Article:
Let’s act: Restoration of the Turreted Italy “Italy has awakened! Long live a living statue-“

Since 2016, after an act of vandalism that broke her arm and other parts, we at AGIAMO have never given up on the idea that “our” Italy turreted at the Montanelli Gardens, the only female monument in all of Milan, remained for always mutilated and left like this, forgotten, broken, dirty and “eaten” by weeds. In recent years we have always kept the headlights on her and we have looked for someone who would share with us both the pain of the past and the desire for a future of rebirth.

On June 13 at 6 pm, the NO’HMA, BRERA and AGIAMO Theater will present the architects of this success, a concrete example of shared resilience. A top-notch restoration, a state-of-the-art reconstruction of the mutilated parts and an embellishment of the surrounding area, will be the fundamental ingredients of a great event to celebrate the 160th anniversary of the unification of Italy and the 170th anniversary of this foreboding statue of ours. destiny.

The monument to Italy is not just any marble sculpture, it is the personification of our country, a young woman with a luxuriant body and her head surrounded by a crown of walls. This turreted Italy is full of symbols and meanings of the highest profile. It was made 170 years ago in white Carrara marble by Alessandro Puttinati, author of some statues of the Cathedral and of San Simpliciano, as well as of the monument to Carlo Porta (which was later destroyed by the bombings of the Second World War) and was somehow premonitory of the unity of our country as it was carved ten years before the proclamation of the Kingdom of Italy.

It was made thanks to a group of Milanese citizens who had it sculpted to honor the martyrs of Spielberg and it was the first statue placed in Milan after the unification of Italy.

It was to be erected in Switzerland where Federico Confalonieri died, but the Austrians wanted to destroy it and then Count Francesco Benedetto Arese Lucini, Italian politician, senator and knight of the Supreme Order of the Santissima Annunziata, as well as nephew of Francesco Teodoro Arese Lucini, Italian patriot and convicted when he was imprisoned at the Spielberg fortress, he managed to hide it and save it.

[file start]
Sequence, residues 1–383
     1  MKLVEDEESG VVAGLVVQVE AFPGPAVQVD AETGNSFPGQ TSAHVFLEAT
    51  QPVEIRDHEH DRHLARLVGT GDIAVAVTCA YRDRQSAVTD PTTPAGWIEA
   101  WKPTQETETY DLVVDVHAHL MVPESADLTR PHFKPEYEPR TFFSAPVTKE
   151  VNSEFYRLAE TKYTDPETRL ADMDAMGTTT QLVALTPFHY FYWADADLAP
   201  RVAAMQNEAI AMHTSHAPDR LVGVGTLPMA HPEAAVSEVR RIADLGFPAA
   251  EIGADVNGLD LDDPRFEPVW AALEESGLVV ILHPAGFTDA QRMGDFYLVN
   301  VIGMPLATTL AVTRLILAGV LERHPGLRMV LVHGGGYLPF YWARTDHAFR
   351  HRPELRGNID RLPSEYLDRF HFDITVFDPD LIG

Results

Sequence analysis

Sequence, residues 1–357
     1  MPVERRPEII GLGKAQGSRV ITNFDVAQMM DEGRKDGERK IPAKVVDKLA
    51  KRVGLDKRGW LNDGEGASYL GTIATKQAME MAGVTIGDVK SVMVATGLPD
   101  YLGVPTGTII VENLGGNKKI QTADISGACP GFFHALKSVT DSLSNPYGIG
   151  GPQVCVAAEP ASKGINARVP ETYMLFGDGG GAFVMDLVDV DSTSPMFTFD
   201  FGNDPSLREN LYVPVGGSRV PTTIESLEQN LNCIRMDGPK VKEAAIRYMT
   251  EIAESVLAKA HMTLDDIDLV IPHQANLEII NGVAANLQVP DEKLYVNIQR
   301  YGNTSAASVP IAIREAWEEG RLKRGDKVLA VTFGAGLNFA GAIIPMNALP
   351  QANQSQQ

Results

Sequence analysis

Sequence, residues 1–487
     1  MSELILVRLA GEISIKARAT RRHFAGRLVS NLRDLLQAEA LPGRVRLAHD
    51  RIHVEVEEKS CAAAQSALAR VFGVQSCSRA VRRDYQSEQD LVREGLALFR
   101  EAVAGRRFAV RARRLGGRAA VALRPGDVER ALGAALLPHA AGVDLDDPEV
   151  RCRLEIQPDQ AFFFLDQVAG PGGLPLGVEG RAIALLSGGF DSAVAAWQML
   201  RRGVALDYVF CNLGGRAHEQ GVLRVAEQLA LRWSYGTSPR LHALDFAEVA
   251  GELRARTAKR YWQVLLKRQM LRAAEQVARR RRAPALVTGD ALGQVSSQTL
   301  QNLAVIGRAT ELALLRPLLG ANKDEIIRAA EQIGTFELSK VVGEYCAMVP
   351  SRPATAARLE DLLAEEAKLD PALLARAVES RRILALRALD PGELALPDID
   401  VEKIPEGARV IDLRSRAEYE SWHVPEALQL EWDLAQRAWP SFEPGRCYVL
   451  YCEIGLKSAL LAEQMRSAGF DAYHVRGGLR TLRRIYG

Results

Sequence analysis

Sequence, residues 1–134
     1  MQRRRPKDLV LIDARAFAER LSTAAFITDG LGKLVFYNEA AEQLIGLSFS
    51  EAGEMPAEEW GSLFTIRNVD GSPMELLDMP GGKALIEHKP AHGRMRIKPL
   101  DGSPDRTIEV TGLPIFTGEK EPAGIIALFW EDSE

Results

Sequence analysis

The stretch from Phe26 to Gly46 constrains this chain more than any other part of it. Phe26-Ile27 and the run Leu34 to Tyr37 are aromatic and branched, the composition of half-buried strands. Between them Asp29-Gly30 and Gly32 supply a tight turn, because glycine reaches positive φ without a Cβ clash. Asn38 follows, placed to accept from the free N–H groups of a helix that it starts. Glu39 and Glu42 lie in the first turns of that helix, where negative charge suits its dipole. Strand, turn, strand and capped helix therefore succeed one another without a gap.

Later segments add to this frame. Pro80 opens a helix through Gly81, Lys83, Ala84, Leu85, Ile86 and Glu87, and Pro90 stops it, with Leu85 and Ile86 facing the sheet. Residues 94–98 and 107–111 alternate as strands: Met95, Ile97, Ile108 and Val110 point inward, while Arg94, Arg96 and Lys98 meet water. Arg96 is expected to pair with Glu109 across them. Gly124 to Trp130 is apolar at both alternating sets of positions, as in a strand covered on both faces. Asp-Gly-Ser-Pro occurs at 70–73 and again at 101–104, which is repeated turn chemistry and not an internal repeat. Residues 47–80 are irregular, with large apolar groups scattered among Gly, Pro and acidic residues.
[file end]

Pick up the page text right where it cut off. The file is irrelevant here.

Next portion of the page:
It was finally placed in its current location, the Montemerlo, at the time the highest in Milan, in 1861.

Looking at the base, some Masonic symbols are carved on the right: compass and square. On the side, always on the right, there is a laurel wreath and a zither.

On the left are a cornucopia and a painter’s palette. Many symbols, many meanings. The crown of walls symbolizes the royalty and nobility of Italian cities, while the abundance of crops from our countryside is represented by the cornucopia. Zither and pictorial palette are a tribute to the arts of which Italy is an extraordinary interpreter. The globe under the foot signifies Italy’s dominion over the world.

Immediately after the mutilation it seemed that we simply had to take note of what happened and then forget it as soon as possible, but over time we realized that there was something very important that could emerge, that went beyond the gesture itself, and that the worst news would have been indifference and oblivion and not so much the breakup.

Just as 170 years ago it was a group of Milanese citizens who wanted it, we were sure that there would be many others today who would not have spread their arms and who shared with us the desire to transform a cowardice into an opportunity to enhance it.

At AGIAMO, we first offered a reward of 500 euros to anyone who had provided useful information for the discovery of the broken and disappeared pieces, pieces that were also searched for by the Scuba Diving Unit of the Local Police in the pond of the Gardens, and then we began to look at it. only like an arm of broken marble, but as damage done to us, to our values, to our most intimate and high feelings.

We thought that its restoration could symbolize the overcoming of the violence suffered not only by a marble statue, but by a woman and an entire country, or even the vital reaction of overcoming a disability.

Almost five years after the vandal act, the monument to turreted Italy has been restored by Ars Restauri and the Brera Academy of Fine Arts thanks to the stubbornness of AGIAMO and the sensitivity of the Maintenance and Management of Monuments and Fountains of the Municipality of Milan. of the Superintendence of Artistic and Cultural Heritage, and of the No’hma Theater.

WE ACT – Amici GIArdiniMOntanelli

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